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What is wrong with my car's clutch?
Brought to you courtesy of Tramcar Transmissions
Clutch Basics 101
1) What is a clutch? A clutch is a coupling between the engine and the transmission, which allows the driver to gradually transfer the power from the engine to the transmission. In addition, the use of a clutch allows you to leave the transmission in gear and bring the vehicle to a stop. If the clutch was not disengaged the engine would die when the driver brought the vehicle to a stop.
2) How does a clutch work? A disc normally referred to as a clutch disc is sandwiched between a spring-loaded plate called a pressure plate and a flywheel. The disc has spines in the center that link to the input shaft of the transmission. When the engine is started, the flywheel and pressure plate rotate in relation to the rpms of the engine. When the clutch is engaged, it is driven by both the flywheel and the pressure plate and revolves at the same speed as the two driving components. It in turn drives the input shaft of the transmission, which ultimately turns the drive shaft or axle to propel the car. When the clutch pedal is depressed (clutch disengaged) the pressure plate retracts away from the disc no longer driving the clutch disc. Although the engine is running and the flywheel and pressure plate spinning, the disc is no longer sandwiched between the two and no longer rotates, which allow you to shift gears or bring the vehicle to a stop.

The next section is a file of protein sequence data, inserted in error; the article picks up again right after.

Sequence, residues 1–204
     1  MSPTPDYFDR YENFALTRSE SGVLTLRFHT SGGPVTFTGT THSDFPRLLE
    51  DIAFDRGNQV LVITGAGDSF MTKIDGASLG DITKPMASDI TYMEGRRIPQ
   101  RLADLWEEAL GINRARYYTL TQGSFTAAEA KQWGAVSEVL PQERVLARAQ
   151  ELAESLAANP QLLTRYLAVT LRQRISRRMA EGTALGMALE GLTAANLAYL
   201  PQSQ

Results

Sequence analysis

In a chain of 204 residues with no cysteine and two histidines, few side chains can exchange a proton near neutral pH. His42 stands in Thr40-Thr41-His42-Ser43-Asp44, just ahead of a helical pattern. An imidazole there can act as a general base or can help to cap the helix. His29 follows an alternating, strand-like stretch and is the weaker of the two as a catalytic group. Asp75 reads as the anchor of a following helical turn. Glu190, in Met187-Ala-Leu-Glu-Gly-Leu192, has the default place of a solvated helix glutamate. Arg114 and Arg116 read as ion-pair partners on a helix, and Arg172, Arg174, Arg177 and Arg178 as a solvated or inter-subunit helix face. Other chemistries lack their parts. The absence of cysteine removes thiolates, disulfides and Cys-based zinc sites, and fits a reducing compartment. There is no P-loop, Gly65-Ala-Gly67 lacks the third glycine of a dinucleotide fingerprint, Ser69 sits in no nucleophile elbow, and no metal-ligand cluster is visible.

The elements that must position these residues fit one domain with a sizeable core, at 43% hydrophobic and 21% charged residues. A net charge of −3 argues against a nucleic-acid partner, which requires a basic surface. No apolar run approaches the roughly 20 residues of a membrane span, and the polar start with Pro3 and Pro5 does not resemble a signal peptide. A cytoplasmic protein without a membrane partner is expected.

3) What happens when the clutch slips? This is the major complaint of a faulty clutch. When a clutch slips the clutch disc no longer revolves at the same speed as the flywheel and pressure plate and as a result cannot turn the input shaft of the transmission as fast as the engine. The problem is most often associated with a worn out or burned clutch disc. The disc has a fibrous material bonded to it's surface, this material is similar to the lining on brakes. As this material wears down or begins to burn, it no longer as the ability to "bite" and hold firm between the flywheel and pressure plate. When that happens the clutch will slip which is where the term, "Clutch Slipping" originated.
Major parts of a clutch system
Flywheel - This component is used to start the engine and drive the clutch disc. When a clutch disc slips it usually damages the mating surface of the flywheel.
Pilot bearing - Pilot bearing - supports the input shaft of the transmission and is pressed into the rear of the crankshaft of the engine.
Clutch disc - The driving force of the input shaft of the trans. This component is the item that actually slips when the engine races but the vehicle doesn't move.
Pressure Plate - The clamping force of the clutch, and the mechanism to release the clutch disc. When a pressure plate doesn't release it makes it extremely difficult to shift gears.
Throw-out or release bearing -The bearing that applies pressure to the fingers or springs of the pressure plate to release the disc. The bearing retainer will support most bearings.